With the industry-wide transition to smart TVs many of us have felt like there is no option but to get one. And the walls are closing in — it seems like almost every TV sold today is a smart one, which means a lack of control of what’s happening on our device, the possibility of the company deciding one day to show us ads (as Samsung as done), and the certainty that our viewing and usage data is being sent off to all sorts of third parties.
The solution? Buy a dumb TV!
What Is A Dumb TV?
The alternative to Smart TVs are, of course, non-smart TVs or, as people have taken to calling them, dumb TVs. These are televisions without an internet connection, without built-in HBO Max or Disney, without Amazon Alexa, and lacking apps of any kind. A dumb TV is the television equivalent of a flip phone.
Just because your TV is dumb doesn’t mean you can’t use Roku or Apple TV, etc. In this case you are simply opting to plug those devices into your TV via HDMI rather than having them built in. In almost all cases the plugged in device is better than having the software version built into your TV, so you are making your TV be smart instead of being forced to have one.
Why Not Buy An Old TV?
You can definitely buy an old TV to solve this problem instead of hunting around for an increasingly rare non-smart in 2021. Televisions age pretty well, so as long as you can find something relatively high quality and made in the last 8 (or so) years you are good to go.
You’ll mainly need to ensure that your older model is in good physical condition, has enough HDMI ports to suit a current user, has no burn-in or wear issues, has a working remote, doesn’t have cracked or wrecked speakers, and that the color hasn’t gone crazy over time. You’ll also want to make sure your TV is an LED TV, so it’s power efficient and looks great, instead of using an outdated technology (like plasma).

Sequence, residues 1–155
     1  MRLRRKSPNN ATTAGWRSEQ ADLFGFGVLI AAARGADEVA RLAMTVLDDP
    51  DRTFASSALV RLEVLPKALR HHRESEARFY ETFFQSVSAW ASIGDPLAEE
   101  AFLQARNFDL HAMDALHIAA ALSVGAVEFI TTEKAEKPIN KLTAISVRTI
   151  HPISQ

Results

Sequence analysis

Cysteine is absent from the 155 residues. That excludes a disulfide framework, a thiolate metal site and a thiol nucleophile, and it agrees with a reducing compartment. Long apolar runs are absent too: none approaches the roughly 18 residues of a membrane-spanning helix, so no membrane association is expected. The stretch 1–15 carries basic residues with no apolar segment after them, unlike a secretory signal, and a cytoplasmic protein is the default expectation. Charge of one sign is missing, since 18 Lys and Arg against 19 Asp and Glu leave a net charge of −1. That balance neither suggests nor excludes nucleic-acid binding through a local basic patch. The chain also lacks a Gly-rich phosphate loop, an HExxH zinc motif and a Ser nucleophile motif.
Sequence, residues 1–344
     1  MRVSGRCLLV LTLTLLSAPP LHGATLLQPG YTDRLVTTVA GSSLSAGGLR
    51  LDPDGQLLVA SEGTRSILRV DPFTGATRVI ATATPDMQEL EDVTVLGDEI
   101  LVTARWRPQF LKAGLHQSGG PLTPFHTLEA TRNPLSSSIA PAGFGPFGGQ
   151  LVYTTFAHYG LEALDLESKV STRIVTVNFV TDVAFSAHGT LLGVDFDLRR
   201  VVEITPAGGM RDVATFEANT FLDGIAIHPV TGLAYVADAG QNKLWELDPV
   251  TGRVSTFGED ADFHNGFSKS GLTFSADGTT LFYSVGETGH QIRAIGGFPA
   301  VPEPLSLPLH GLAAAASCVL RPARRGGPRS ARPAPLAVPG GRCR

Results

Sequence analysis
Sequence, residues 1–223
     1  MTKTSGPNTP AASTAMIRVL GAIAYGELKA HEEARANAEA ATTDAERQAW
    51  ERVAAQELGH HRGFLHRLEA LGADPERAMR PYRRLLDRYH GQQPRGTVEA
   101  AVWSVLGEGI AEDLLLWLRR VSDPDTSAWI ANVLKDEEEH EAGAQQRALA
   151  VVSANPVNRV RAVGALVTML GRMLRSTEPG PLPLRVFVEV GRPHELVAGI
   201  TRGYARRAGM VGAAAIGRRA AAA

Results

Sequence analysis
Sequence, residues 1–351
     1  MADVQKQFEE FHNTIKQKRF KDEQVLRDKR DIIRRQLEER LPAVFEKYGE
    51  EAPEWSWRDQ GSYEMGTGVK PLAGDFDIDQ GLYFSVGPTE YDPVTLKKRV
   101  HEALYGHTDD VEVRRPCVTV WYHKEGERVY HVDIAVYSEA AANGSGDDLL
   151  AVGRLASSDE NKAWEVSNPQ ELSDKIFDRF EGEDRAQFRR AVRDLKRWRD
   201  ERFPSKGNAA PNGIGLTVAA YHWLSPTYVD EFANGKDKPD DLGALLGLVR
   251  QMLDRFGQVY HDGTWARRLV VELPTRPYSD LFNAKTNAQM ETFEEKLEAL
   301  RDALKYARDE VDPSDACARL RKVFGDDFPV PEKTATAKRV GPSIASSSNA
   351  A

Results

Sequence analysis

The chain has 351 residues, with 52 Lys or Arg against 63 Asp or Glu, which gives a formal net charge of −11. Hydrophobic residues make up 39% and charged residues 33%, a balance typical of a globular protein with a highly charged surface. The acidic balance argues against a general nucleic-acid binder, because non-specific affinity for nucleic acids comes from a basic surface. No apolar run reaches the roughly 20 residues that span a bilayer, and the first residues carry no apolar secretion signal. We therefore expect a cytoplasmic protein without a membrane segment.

For example, I have a Samsung dumb TV from 2012 (or so) that works perfectly well, has sufficient volume, and completely gets the job done. It was a good TV when I bought it, and it’s a great TV now, because it doesn’t have any of the features that I don’t want — and can’t avoid — today.
Just Don’t Connect It To the Internet
A smart TV can’ the smart without an internet connection so one thing you can do to get a dumb TV is to simply not connect it to your WiFi network. Your TV will will work since it’s connect through coax but the rest of the data cannot flow because the television doesn’t have an internet connection!
You can then go ahead and add a Nvidia Shield or Apple TV and connect that to the internet. This way the auxiliary devices will have internet connection while you are using them, but the TV itself (the hypervisor in this scenario) stays blissfully unaware of that internet connection.
Note, there have been scattered reports of some TVs, including those from Samsung, simply searching for open WiFi signals and attempting to connect to them, but this is an extreme and user-hostile example that hopefully won’t be repeated (assuming its true in the first place).
Some smart TV will force you to connect them to the internet for firmware updates and will resort to frequent nagging to get you to do this, but very few will force you to do it or not work entirely without the connection (yet).